Identification of potential performance-related predictors in young competitive athletes
Systematic training is an essential demand for the individual success of an athlete. However, similar training modalities cause individual responses, and finally, decide on athlete`s success or failure. To predict performance development, potential influencing parameters should be known. Therefore, the purpose of this study was to identify performance-related parameters in young competitive athletes.
Individual performance developments of 146 young athletes (m: n = 96, f: n = 50, age V1: 14.7 ± 1.7 yrs) of four different sports (soccer: n = 45, cycling: n = 48, swimming: n = 18, cross-country skiing: n = 35) were evaluated by analysis of 356 visits in total (exercise intervention periods, 289 ± 112 d). At V1 and V2 several performance parameters were determined. Based on the relative performance progress (Delta), potential influencing predictors were analyzed: training load, health sense, stress level, clinical complaints, hemoglobin, vitamin D, hs-CRP and EBV serostatus. Data were collected within a controlled, prospective study on young athletes, which was conducted between 2010 and 2014.
Athletes improved their performance by 4.7 ± 10.7 %. In total, 66.3 % of all athletes represented a positive performance progress. This group demonstrated, despite similar training loads (p = 0.207), enhanced health senses (p = 0.001) and lower stress levels (p = 0.002). In contrast, compared to athletes with an impaired performance progress, no differences in hemoglobin values (m: p = 0.926, f: p = 0.578), vitamin D levels (0.787) and EBV serostatus (p = 0.842) were found. Performance progress was dependent on extents of health senses (p = 0.040) and stress levels (p = 0.045). Furthermore, the combination of declined health senses and rised stress levels was associated with an impaired performance development (p = 0.018) and higher prevalences of clinical complaints (p < 0.001) above all, in contrast to hs-CRP (p = 0.168).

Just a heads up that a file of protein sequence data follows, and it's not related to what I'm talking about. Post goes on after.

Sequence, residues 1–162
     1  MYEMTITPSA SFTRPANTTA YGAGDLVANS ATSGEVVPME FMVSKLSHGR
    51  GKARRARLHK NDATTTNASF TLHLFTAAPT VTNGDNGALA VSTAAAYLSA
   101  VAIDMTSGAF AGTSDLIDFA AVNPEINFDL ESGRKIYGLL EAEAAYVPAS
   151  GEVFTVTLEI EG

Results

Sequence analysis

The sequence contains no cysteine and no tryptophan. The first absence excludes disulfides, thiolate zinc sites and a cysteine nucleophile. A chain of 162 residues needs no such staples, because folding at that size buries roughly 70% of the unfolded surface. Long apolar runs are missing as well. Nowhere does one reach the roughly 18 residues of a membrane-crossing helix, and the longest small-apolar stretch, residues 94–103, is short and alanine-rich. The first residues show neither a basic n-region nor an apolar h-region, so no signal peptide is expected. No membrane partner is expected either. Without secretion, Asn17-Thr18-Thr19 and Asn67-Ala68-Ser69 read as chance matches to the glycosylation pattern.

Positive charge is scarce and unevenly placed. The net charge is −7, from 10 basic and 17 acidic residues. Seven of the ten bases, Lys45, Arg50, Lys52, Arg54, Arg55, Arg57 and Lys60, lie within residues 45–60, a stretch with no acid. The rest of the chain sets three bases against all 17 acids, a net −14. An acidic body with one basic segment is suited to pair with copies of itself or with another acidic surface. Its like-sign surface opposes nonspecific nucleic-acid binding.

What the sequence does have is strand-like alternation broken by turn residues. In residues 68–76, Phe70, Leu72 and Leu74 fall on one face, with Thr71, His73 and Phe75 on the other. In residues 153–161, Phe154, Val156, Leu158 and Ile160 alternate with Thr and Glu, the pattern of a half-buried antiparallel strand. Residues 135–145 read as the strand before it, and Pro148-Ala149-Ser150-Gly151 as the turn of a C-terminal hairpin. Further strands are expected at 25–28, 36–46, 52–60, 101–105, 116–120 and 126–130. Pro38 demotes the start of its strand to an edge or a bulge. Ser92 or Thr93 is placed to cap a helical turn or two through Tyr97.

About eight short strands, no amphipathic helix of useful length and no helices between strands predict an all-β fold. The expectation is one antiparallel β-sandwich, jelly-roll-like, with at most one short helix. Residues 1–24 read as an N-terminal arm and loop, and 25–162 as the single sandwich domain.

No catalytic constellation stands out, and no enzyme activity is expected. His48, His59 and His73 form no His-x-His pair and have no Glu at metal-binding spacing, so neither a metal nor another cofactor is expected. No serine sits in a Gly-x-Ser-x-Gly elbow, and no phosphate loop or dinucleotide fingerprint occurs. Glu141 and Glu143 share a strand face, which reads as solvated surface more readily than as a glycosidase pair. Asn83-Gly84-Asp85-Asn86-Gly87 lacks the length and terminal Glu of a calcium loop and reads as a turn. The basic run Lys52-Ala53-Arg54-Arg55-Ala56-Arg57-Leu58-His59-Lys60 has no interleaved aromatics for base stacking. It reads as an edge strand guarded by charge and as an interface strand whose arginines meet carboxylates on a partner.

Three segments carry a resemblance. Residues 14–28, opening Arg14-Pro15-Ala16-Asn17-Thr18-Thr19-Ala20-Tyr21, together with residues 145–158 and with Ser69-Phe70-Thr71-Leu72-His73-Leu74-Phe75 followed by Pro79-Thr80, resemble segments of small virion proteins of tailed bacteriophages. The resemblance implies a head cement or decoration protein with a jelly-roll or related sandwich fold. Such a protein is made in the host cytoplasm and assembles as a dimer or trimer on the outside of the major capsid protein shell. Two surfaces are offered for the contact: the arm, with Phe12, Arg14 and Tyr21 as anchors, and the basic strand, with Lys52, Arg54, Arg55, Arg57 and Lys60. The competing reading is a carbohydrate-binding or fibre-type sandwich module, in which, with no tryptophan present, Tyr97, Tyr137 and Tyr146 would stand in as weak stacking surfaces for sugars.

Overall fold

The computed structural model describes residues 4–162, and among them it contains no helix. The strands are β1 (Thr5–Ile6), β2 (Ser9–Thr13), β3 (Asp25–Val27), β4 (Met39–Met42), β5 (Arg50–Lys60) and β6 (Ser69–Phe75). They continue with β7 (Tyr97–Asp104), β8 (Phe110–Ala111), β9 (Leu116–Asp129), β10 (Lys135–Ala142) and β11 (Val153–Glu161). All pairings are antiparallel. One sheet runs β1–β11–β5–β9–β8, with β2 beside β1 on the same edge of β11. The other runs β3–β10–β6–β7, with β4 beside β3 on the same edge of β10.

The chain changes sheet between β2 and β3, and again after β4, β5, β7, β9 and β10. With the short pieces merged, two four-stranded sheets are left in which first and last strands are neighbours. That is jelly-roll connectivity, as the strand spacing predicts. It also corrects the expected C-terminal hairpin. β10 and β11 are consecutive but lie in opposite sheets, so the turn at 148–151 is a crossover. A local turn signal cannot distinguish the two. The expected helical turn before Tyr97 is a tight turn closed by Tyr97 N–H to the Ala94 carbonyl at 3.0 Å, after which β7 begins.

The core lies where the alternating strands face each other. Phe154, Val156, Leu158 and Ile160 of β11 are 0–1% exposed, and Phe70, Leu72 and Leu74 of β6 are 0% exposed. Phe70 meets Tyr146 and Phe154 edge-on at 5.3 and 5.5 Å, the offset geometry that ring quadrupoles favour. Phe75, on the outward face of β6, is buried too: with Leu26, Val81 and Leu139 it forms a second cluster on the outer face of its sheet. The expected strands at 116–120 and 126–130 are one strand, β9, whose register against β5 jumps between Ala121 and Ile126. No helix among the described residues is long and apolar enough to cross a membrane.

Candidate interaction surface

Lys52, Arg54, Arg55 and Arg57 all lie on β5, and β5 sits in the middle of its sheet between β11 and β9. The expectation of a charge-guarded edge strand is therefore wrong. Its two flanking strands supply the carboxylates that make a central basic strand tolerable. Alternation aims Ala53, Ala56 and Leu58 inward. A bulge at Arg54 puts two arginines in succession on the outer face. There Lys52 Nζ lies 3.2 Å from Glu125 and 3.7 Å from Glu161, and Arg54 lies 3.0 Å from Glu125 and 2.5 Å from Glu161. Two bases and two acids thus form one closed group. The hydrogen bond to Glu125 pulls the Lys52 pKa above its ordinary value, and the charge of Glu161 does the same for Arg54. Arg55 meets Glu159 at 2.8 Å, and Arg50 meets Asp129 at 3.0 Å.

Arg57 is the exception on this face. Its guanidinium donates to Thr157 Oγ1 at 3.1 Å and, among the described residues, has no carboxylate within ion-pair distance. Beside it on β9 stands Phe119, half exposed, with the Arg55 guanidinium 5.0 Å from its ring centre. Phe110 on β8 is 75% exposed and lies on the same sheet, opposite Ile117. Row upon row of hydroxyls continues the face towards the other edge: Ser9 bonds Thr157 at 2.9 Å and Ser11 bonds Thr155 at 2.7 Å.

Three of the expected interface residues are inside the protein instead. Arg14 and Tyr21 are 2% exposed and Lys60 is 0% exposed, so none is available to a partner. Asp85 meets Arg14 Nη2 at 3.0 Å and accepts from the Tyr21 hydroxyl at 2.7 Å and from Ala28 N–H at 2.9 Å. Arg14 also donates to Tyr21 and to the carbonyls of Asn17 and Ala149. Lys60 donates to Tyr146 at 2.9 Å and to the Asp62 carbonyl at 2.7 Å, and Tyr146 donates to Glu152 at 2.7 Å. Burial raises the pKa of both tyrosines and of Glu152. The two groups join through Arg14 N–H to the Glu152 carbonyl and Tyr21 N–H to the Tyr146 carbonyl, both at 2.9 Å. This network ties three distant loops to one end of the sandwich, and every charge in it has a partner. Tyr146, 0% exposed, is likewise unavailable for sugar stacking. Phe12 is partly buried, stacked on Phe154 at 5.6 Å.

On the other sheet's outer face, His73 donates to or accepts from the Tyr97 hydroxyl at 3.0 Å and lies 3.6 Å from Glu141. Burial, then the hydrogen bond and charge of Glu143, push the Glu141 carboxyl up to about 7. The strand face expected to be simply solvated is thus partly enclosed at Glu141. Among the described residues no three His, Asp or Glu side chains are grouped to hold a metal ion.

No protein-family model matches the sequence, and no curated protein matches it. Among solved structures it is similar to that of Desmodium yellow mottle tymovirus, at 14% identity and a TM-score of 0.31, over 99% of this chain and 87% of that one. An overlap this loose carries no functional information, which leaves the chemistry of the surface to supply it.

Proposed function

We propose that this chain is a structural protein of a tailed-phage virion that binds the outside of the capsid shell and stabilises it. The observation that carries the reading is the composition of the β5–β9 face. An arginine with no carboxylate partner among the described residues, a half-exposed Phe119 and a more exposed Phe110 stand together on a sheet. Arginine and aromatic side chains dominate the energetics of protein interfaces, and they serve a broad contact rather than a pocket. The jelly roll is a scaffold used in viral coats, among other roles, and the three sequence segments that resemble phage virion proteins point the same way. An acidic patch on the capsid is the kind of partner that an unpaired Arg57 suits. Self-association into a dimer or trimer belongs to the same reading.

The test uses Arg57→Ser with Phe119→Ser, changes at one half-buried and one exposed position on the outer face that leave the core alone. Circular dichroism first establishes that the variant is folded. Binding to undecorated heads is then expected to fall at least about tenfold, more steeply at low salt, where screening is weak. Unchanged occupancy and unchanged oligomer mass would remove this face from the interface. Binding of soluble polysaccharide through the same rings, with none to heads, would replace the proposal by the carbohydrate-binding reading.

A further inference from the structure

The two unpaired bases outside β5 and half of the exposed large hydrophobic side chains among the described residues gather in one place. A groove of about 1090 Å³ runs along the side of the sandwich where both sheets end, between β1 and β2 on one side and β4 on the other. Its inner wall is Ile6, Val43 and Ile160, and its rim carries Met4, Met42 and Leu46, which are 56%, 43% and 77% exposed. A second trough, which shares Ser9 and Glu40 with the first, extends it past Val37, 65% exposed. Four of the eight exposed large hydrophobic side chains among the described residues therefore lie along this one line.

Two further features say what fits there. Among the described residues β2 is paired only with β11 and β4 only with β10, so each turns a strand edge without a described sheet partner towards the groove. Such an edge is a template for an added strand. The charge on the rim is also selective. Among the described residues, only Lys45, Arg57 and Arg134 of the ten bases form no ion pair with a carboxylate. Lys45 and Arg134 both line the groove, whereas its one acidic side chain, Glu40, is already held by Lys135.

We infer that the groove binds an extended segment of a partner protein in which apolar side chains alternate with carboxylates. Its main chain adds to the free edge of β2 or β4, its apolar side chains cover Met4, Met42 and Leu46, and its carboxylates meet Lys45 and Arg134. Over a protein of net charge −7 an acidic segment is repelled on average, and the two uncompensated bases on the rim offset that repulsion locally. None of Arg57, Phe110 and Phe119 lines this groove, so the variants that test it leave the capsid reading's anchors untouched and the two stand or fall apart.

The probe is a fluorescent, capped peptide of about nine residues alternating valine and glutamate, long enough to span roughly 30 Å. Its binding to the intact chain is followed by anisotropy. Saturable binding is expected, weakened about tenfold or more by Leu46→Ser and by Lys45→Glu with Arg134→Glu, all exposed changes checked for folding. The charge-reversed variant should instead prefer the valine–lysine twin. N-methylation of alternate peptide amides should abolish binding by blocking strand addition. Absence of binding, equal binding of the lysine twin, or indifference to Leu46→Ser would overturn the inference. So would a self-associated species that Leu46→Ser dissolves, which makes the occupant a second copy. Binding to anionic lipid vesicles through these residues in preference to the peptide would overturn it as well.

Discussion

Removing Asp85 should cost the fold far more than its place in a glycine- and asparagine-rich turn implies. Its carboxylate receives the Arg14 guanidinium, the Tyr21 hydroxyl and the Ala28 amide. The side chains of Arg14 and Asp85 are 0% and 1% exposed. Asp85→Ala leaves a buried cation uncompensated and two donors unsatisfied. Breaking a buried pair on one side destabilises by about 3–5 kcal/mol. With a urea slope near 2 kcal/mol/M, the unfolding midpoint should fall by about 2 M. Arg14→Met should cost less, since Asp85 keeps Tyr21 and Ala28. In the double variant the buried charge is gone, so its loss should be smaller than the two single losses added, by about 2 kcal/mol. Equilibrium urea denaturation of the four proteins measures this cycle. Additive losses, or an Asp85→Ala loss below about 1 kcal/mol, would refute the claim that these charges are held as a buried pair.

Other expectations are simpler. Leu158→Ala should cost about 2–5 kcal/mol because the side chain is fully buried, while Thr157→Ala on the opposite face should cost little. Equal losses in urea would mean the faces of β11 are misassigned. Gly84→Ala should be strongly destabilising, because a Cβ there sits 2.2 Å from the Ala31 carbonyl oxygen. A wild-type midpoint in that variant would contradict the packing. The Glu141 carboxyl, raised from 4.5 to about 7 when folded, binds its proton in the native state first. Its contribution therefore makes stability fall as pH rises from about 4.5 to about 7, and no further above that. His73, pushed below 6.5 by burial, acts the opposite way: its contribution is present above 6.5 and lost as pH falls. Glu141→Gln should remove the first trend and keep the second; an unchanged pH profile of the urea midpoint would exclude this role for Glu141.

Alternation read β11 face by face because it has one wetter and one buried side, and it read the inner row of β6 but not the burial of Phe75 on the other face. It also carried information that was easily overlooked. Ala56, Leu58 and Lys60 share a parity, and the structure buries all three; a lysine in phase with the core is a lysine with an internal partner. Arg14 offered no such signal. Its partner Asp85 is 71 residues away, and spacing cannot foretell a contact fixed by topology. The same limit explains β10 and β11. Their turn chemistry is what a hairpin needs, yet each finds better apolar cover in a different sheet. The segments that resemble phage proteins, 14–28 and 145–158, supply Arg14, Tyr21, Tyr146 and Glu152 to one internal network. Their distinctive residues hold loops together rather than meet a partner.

Athletes with an improved performance progress reported less pronounced subjective sensations and complaints. In contrast, objective known performance-related indicators, offered no differences. Therefore, subjective self-reported data, reflecting health and stress status, should be additionally considered to regulate training, modify intensities, and finally, predict and ensure an optimal performance advance.
© Copyright 2019 Frontiers in Physiology. EPFL. All rights reserved.
|Subjects:||junior elite sport performance factor health sports medicine immunity soccer cycling swimming cross-country skiing|
|Notations:||junior sports endurance sports sport games biological and medical sciences|
|Published in:||Frontiers in Physiology|
|Edition:||28. Oktober 2019|